May 17, 2020

The Big 5: Most "In Demand" Positions in Healthcare

3 min
The most in demand jobs in healthcare today
Written by Angie Mansfield Hospitals Finding Greatest Need for These Positions In spite of slow economic recovery, the healthcare industry is continuin...

Written by Angie  Mansfield

Hospitals Finding Greatest Need for These Positions

In spite of slow economic recovery, the healthcare industry is continuing to hire at a fast rate.

Healthcare jobs are expected to grow 22%, by 2018, according to -- that translates to 3.2 million jobs and a faster growth rate than any other industry.

So, which positions do hospitals have the greatest demand for?

Registered Nurse

Nursing is one of the most in-demand careers in the United States, with more than 580,000 new jobs expected by 2016. That number doesn't count the hundreds of thousands of jobs that will open up in coming years as older nurses retire.

Overall nursing job growth, according to, stands at 23%.

Growth in home health care and physicians' offices is a bit higher, at 39%, and outpatient care stands at a respectable 34%.

Medical Secretary

For certified secretaries and administrative assistants, the job outlook in the healthcare field is very optimistic. This career is expected to grow faster than average, with many new positions in hospitals and physicians' offices opening up in coming years.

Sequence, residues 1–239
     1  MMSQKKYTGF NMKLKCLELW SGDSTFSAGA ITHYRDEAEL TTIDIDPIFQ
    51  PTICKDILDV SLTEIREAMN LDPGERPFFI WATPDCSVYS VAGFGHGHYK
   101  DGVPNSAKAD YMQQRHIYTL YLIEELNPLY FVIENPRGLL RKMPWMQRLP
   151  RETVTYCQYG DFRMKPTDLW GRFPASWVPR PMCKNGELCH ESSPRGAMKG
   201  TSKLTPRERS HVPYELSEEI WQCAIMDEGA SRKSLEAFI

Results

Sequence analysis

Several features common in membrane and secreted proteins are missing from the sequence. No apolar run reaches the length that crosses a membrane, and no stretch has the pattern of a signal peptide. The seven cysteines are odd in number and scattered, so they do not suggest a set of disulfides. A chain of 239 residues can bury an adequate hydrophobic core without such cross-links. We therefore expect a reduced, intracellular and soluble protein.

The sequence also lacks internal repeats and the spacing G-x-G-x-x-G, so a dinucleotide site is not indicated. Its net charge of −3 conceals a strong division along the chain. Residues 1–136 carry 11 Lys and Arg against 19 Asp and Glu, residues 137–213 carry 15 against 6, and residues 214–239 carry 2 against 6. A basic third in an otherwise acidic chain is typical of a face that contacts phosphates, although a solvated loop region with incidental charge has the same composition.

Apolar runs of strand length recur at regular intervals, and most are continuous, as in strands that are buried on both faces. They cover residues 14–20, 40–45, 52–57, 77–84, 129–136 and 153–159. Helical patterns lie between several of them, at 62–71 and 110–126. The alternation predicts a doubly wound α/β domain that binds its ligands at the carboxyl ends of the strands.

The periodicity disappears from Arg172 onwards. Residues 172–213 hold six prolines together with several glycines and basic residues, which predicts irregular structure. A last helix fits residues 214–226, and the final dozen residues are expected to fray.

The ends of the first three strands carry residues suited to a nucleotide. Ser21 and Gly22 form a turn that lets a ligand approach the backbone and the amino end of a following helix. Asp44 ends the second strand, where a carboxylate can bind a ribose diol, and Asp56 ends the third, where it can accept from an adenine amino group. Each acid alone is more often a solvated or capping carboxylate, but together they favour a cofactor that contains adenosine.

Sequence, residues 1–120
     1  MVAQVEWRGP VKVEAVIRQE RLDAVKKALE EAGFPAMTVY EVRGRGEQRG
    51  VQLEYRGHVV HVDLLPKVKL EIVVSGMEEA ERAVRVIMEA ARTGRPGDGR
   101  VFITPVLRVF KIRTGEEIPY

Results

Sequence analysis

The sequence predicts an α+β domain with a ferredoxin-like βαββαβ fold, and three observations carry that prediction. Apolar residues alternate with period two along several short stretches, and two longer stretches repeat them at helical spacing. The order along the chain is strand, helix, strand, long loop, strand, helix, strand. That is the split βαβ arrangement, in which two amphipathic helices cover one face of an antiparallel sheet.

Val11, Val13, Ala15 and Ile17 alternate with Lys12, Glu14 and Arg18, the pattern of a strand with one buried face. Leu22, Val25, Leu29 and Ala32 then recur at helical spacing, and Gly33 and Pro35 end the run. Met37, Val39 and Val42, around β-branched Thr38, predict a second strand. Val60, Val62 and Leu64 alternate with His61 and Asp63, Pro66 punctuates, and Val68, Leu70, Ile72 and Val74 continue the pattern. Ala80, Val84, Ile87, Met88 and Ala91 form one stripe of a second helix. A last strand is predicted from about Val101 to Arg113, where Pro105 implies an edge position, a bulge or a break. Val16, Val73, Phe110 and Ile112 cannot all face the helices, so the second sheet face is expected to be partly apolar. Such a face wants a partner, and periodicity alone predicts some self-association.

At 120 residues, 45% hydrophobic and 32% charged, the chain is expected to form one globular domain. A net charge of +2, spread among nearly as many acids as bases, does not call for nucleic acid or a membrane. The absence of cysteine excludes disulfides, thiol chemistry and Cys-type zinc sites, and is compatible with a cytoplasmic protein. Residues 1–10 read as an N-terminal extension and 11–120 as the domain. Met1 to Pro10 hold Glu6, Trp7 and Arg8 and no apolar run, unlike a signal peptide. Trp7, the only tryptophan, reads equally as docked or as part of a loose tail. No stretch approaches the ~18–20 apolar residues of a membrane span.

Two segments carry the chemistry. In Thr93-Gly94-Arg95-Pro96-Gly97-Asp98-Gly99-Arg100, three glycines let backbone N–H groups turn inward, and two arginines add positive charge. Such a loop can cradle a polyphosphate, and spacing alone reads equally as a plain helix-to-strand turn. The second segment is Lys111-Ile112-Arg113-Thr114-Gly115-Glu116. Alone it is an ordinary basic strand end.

By 2016, there should be 112,000 medical secretaries employed across the country, up from the current 98,000.

Overall job growth is expected to reach 9 to 17%.

Healthcare Administrator

Another vital part of the healthcare environment, the healthcare administrator oversees the entire workforce of the hospitals under their care. This job function is currently evolving as the industry makes structural and financial adjustments, but administrators who are adaptable to the new environments should flourish.